Students help Met Police tackle vehicle theftWith vehicle theft on the rise in London, the Metropolitan Police turned to LSBU students to help develop campaigns to reduce and prevent the crimes
Over the last three months, undergraduate and postgraduate marketing students from LSBU have been working with the police to develop campaign ideas to reduce and prevent keyless vehicle and motorcycle theft by spreading crime prevention messages.
Keyless vehicle theft involves motor vehicles being stolen without use of the owner's key. This can be done in a number of ways, such as towing the vehicle away or hot-wiring it. However, an increasing number of electronically-controlled vehicles are being taken by organised criminals exploiting their electronics.
Mopeds and motorcycles are also being stolen by conventional hot-wiring techniques. The suspects will then use them for a short period for joy-riding or as a getaway vehicle in commercial or personal robberies.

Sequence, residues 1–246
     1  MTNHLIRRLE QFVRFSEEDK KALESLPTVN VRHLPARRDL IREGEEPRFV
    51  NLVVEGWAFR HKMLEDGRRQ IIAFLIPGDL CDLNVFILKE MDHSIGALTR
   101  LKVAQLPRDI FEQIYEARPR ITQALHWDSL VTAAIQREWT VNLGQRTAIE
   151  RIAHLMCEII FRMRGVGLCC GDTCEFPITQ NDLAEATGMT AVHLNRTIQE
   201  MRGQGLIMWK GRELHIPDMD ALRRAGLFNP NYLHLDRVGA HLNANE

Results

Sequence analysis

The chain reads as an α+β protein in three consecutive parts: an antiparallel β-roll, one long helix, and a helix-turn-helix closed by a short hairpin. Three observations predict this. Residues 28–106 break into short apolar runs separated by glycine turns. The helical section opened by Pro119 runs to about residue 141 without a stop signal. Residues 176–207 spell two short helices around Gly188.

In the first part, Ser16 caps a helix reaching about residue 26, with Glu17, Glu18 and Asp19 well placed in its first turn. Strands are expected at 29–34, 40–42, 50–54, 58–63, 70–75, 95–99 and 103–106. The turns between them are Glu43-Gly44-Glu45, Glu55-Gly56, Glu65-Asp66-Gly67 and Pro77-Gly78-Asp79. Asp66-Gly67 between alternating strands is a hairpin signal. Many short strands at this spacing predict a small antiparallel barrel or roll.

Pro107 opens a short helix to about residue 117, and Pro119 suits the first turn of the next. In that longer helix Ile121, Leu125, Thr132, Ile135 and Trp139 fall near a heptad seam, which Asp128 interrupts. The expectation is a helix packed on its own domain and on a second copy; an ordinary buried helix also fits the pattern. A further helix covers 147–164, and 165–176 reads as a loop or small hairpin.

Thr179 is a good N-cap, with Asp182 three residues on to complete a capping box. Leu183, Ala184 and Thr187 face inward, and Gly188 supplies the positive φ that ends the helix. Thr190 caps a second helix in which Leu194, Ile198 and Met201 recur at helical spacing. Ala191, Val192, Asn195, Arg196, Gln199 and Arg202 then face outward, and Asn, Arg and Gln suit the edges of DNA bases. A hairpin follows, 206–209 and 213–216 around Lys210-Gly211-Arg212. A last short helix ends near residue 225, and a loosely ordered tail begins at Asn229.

Students worked in groups and came up with 12 proposals that were evaluated before a final three were presented at New Scotland Yard to a panel of officers including Camden Borough Commander Detective Chief Superintendent Richard Tucker, Brent Chief Inspector Nick Davies, and Detective Chief Inspector Iain Maddison.
Detective Chief Inspector Iain Maddison – who has been working with LSBU's Course Director of MSc Marketing Communications, Kim Roberts to set the students the task – said: "These students were set an extremely tough brief and a very tight timescale in which to develop their ideas, but they certainly rose to the challenge. Some of the ideas put forward by the final groups included smart phone applications, talking signs and shareable social media content.
"The Met Police will now consider these ideas and look at how they might be incorporated in future campaigns. We are really grateful to the LSBU and the students for their hard work in presenting possible solutions to real challenges."
Each of the students who took part in the presentations was given a letter of thanks from the Metropolitan Police for their efforts, while winning teams were awarded certificates of commendation and congratulatory letters.